Before 2020, we didn’t know a whole lot about how wearing a mask affects us during exercise. Now masks have become a necessity, but many people assume wearing one will make a workout more difficult (and therefore, more unpleasant). Luckily, two brand new studies have debunked the mask myth. Wearing a mask during exercise actually won’t make your workout harder.
The first study was published this September in the Scandinavian Journal of Medicine & Science in Sports. Because it was conducted with COVID-19 in mind, researchers focused on disposable surgical masks and N95 respiratory masks. They brought 16 active and healthy adult men into the lab and measured their blood pressure, heart rates, respiratory rates, oxygen saturation and carbon dioxide levels.
After recording their vitals, researchers put a thin nasal tube on each of the men to test their breath during exercise. Then the participants rode a stationary bicycle, completing a pedal-to-exhaustion test. Researchers steadily increased the resistance until the men could hardly pedal anymore. As the participants endured an intense workout, researchers monitored their physiological stats and checked in frequently, asking riders how difficult the exercise felt.
The men completed this workout on three different occasions. The first time, they wore no mask. The second time, they wore a surgical mask. The third time, they tested out the N95. When all the data was collected, researchers compared the participants’ physiological response to their feelings about the experience.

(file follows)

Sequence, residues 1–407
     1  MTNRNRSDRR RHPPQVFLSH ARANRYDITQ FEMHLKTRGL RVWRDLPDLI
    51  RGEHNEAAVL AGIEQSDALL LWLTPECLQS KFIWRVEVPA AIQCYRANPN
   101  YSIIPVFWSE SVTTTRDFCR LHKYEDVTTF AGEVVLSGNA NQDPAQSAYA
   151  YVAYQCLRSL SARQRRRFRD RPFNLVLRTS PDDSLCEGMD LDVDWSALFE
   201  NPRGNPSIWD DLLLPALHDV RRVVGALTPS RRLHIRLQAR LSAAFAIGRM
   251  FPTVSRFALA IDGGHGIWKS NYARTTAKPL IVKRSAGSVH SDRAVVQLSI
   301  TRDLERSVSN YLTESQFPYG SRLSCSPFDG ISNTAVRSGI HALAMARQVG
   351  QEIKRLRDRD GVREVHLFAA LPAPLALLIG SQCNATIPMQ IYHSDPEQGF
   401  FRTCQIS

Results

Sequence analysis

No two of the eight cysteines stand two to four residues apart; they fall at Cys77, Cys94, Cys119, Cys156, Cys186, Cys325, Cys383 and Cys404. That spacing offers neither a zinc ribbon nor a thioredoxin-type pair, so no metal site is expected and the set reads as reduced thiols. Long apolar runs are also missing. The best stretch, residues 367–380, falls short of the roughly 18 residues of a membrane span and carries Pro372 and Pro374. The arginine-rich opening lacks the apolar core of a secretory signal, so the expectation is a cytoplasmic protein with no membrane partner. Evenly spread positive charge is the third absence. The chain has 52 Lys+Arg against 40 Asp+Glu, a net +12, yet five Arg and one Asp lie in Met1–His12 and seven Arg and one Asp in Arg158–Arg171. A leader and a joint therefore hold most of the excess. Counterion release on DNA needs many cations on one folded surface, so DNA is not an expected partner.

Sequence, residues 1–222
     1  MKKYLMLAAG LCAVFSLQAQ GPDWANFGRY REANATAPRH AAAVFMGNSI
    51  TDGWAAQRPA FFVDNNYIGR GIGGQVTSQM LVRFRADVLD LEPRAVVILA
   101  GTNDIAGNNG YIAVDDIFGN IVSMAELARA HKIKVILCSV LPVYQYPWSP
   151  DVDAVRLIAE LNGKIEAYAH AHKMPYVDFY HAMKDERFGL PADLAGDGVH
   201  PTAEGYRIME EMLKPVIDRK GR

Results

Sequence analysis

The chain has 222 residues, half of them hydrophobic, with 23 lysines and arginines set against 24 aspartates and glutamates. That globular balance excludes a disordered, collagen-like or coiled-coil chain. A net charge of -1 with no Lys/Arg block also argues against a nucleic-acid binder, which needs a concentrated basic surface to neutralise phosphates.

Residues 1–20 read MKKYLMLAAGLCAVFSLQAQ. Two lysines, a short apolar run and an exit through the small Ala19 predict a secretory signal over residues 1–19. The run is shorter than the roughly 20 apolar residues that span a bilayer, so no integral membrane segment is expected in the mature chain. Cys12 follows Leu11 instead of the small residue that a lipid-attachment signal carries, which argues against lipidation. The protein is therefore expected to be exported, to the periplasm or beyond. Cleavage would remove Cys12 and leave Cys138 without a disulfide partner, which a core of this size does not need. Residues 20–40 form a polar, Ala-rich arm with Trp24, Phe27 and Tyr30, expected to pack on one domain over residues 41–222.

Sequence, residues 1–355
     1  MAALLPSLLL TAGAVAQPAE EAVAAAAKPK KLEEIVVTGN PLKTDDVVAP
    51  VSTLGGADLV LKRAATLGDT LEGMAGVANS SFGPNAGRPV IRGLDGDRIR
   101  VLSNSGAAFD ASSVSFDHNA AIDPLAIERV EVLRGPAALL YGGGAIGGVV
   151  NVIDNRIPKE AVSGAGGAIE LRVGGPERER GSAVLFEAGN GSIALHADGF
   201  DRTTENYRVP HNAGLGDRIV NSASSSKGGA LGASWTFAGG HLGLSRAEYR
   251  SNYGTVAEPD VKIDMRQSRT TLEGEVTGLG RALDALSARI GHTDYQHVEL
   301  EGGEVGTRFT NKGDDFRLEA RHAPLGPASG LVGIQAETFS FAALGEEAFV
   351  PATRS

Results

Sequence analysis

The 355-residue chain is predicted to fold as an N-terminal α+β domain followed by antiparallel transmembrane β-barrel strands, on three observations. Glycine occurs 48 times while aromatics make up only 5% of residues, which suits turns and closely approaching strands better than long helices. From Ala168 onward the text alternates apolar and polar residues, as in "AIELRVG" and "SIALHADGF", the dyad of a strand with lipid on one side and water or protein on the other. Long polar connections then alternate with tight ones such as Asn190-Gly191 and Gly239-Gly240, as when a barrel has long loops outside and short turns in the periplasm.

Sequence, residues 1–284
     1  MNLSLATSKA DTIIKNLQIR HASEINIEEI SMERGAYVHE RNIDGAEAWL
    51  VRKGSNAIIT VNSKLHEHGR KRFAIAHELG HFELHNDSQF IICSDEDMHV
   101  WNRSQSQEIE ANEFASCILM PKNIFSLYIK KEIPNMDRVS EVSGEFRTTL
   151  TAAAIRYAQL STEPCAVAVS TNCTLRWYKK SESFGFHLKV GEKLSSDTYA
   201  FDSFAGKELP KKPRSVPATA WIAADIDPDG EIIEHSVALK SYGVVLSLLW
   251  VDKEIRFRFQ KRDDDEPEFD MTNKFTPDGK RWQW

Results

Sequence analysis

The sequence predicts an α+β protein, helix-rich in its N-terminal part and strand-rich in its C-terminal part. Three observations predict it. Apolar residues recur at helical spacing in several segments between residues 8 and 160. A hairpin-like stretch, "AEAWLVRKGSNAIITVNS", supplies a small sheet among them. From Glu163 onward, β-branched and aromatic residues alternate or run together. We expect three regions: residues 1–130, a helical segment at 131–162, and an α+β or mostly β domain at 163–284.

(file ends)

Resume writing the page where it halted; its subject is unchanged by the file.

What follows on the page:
The results showed that wearing a mask did not affect participants on a physical level, nor did it affect how hard the exercise felt. The masks didn’t make riders more exhausted. On the contrary, masks didn’t seem to affect them at all. The only notable difference was a slightly higher level of carbon dioxide in the breath while wearing the N95 mask. This is likely due to their snug fit on the face. This difference was imperceptible to the riders.
The participants were surprised. They expected their performance to be hindered by the mask, as many of us have.
In the second study, published this November in the International Journal of Environmental Research and Public Health, 14 participants performed the same three pedal-to-exhaustion workouts. Both men and women were included this time. The N95 mask was swapped out for a three-layer cloth mask instead, which the average fitness fanatic is more likely to have. (It is also worth noting that N95 masks should be saved for healthcare professionals.) The paper surgical mask was tested again as well.
The results of the second study confirmed what was discovered in the first. Once again, wearing a mask did not change how difficult the workout felt. This time, the researchers were the ones surprised. They too hypothesized that wearing a mask would make exercise more difficult. They were proven wrong.
Researchers from both studies believe it’s likely these results apply to other forms of exercise, like running or weight lifting. If wearing a mask has stopped you from exercising how you used to, these studies offer an encouraging message. Next time you head out the door for a workout, wear your mask with confidence.